That’s how Ben Askren’s coach Duke Roufus described his immediate reaction to seeing his fighter dropped to the mat in less time than it took Bruce Buffer to announce Askren’s name. Not only did Askren suffer his first MMA defeat at the hands of heated rival Jorge Masvidal, the finish made UFC history as the fastest knockout ever recorded in the Octagon.
Speaking to MMA Fighting, Roufus lamented the missed opportunity for the previously unbeaten Askren to cement himself as a UFC welterweight title contender, but he’s been encouraged by how Askren has handled the loss and how he expects him to bounce back from it.
“Ben’s my friend, you see him hurt like that,” Roufus said. “But I gotta take my hat off to Jorge. I know Ben and Jorge don’t get along, I get along well with Jorge, I like Jorge a lot. So fair play, it was a great move, high risk, high reward. It was a very risky move, it paid off for him. I’m that type of guy that believes in ‘fortune favors the bold’ and he was quite bold on that move and it’s going to go down in history as one of the best moves ever in the UFC.
“It could have happened differently. He could have missed and Ben could have been wrestling and on top of Jorge, so we’re all gonna some days hate the fight game. Winning is awesome and losing you want to cry your eyes out, but Ben is a very resilient person. He has a special, special mindset and you saw the way he owns everything. That’s what I really like about Ben. He’s 100 percent transparent, I’ve never worked with someone like him, he’s just a special breed and this is only going to make him better.”
In addition to beating Askren in just five seconds, Masvidal also performed a memorable post-fight celebration in which he mimicked Askren’s crumpled form. “Gamebred” made no apologies for his antics and Roufus isn’t giving them a second thought either.
“They’re fighters,” Roufus said. “There’s things that go on among those guys, I don’t get caught up in it. I’m just a coach. Not that I condone bad behavior or anything—not saying it is bad—it’s just those moments are among the fighters and I try not to get emotionally connected in these fights because I’m not a fighter, so I don’t like it when fighters and managers get all involved in the beefs.”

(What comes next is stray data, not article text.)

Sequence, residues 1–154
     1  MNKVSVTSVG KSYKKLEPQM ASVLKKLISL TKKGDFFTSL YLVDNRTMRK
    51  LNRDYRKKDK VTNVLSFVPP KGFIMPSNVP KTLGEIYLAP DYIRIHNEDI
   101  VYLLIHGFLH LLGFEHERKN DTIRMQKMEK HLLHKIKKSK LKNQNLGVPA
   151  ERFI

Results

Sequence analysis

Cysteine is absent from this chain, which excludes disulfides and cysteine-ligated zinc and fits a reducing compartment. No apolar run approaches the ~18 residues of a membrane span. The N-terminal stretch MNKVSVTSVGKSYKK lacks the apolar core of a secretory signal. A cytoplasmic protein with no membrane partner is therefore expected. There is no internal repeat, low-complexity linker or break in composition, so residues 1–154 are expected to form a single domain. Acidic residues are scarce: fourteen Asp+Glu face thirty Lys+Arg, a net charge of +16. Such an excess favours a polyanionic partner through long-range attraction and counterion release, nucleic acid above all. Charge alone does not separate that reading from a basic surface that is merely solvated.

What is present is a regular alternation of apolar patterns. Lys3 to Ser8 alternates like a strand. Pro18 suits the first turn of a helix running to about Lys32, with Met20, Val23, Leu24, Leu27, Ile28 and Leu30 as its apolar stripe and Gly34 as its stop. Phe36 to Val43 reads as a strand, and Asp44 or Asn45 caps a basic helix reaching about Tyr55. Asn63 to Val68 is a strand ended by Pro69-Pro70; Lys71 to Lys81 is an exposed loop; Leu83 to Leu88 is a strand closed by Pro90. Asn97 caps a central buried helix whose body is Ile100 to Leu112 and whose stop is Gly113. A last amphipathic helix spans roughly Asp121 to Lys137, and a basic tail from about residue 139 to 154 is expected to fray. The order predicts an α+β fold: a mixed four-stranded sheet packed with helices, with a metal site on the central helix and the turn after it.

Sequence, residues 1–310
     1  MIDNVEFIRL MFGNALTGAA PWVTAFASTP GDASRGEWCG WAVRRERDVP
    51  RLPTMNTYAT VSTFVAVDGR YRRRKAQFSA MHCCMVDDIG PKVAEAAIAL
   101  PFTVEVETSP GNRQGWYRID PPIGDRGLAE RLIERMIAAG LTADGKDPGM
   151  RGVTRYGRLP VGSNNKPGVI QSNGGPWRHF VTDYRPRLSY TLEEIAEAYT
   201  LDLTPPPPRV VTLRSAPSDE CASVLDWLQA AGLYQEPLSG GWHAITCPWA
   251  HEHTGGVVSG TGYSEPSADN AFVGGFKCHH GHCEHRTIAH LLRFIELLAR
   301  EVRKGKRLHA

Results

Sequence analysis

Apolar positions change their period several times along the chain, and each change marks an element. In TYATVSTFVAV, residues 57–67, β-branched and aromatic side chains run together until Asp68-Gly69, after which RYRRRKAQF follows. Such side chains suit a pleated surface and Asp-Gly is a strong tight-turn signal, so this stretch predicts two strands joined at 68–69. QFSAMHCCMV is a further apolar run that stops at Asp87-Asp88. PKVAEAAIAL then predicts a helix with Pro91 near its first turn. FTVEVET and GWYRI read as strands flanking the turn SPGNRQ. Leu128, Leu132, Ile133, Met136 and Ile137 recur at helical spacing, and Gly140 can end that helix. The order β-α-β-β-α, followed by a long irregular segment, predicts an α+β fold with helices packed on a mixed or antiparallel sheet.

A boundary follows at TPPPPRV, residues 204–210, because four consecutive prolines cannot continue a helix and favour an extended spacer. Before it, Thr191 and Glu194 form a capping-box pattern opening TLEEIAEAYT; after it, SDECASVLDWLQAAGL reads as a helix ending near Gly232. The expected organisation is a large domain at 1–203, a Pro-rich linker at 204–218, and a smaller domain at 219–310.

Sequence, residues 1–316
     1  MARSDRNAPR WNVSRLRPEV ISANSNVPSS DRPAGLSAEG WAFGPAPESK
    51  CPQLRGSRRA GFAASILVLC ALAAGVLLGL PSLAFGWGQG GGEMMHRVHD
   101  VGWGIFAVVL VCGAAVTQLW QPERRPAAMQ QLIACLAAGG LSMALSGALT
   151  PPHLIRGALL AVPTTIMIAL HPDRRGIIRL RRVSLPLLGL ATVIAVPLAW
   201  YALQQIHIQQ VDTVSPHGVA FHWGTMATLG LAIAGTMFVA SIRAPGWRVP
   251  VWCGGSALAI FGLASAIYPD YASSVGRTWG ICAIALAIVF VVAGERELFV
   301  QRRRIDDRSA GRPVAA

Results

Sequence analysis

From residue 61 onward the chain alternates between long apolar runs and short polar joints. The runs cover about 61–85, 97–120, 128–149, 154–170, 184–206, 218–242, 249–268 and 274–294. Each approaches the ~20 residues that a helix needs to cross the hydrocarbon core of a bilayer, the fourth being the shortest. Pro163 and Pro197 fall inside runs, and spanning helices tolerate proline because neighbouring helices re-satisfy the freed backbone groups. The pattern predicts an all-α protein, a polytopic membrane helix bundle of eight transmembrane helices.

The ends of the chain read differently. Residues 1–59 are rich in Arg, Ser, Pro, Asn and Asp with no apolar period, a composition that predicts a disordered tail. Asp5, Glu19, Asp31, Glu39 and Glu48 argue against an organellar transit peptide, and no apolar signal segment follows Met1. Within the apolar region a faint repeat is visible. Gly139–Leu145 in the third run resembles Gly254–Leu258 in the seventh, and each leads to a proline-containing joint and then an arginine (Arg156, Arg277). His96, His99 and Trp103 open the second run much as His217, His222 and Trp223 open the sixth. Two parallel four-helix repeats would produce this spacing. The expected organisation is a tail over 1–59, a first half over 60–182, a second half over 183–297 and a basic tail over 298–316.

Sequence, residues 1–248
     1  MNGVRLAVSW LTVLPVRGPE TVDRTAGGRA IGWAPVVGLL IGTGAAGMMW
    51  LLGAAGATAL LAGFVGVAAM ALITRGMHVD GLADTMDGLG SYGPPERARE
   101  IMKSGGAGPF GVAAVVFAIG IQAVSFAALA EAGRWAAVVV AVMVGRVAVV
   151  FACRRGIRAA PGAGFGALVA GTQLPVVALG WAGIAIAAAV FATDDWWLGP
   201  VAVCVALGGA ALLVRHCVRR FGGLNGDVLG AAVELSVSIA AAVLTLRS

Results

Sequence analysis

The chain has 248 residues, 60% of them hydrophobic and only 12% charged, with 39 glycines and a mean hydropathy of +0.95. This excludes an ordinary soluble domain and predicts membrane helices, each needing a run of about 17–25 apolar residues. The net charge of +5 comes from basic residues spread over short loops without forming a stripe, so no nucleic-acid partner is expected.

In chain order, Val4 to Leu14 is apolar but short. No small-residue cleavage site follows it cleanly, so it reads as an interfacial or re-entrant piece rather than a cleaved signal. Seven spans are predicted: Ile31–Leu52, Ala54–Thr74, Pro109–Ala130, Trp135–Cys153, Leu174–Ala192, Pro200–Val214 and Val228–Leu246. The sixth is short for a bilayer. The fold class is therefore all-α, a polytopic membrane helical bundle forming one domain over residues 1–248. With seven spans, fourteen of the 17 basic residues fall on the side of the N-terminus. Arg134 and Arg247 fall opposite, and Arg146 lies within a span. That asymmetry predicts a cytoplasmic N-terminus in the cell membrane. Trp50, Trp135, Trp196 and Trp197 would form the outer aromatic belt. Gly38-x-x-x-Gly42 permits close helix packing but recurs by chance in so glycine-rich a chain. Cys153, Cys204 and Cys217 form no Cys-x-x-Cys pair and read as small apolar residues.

Even with Askren being knocked out in such violent fashion, the 34-year-old fighter received a relatively brief suspension from the Nevada State Athletic Commission. According to the NSAC, Askren will be okay to compete again as early as September.
Mindful of the cerebral health of all of his fighters, Roufus is hoping that Askren will consider waiting a few more months before returning to action.
“Maybe by the end of the year. But I’m not a doctor either,” Roufus said. “The other thing, I looked at the video, he got caught more on the neck, which I’ve been told by physicians is the safest place—kind of when I used to fight I used to kick at the neck, it’s almost like choking someone. When you kick them on the neck there’s not as much damage, it’s almost like a choke-out, but I think that’s much less than when you get rattled in the head.
“They’re all dangerous, of course, but I think where the blow was, it’s not—When Ben was moving, I was really scared, I couldn’t see his face. I didn’t see the blow clearly, I thought he had received the knee directly to the face. That’s what I was most worried about when he was moving real bad, I was very concerned. But there’s not a mark on his face at all, which is really fortunate.”
Roufus praised the UFC medical staff for their treatment of Askren, saying they were able to rapidly get Askren out of the building, to the hospital, and back in his hotel room later that evening.
Having guided several top UFC fighters through dramatic highs and lows, including former champions Anthony Pettis and Tyron Woodley, Roufus said that a quick loss like this can be easier for a fighter to deal with than a prolonged battle that can raise all kinds of questions when it comes time to assess the damage.
“One of the toughest things to do as a coach, one of the most horrifying things I had to do was—and I had to grow better as a coach—the fight we had with (Rafael) dos Anjos and Anthony. He got injured in the first round and he had to go through five rounds of beating like that.
“Even Tyron’s last fight was pretty tough to bear as a coach. It’s not that Kamaru (Usman) was beating the brakes off of Tyron, he just was out-working him and Tyron was really flat. Those are ones that really hurt in a different way.”
Given Askren’s combat sports experience, which stretches back to his days as a two-time NCAA wrestling champion and Olympian, one might wonder what advice his coach can offer in regards to dealing with such a devastating loss.
Roufus credited Askren’s success to his work ethic and while he’s not sure exactly what he’ll tell Askren when it’s time to get back in the gym, he’s predicting that the former ONE and Bellator titleholder could take his game to another level.
“He’s one of those guys, he’s gonna be fine,” Roufus said. “If anything, it might put a little bit more chip on his shoulder to work even harder than he’s ever worked before, which is pretty scary.”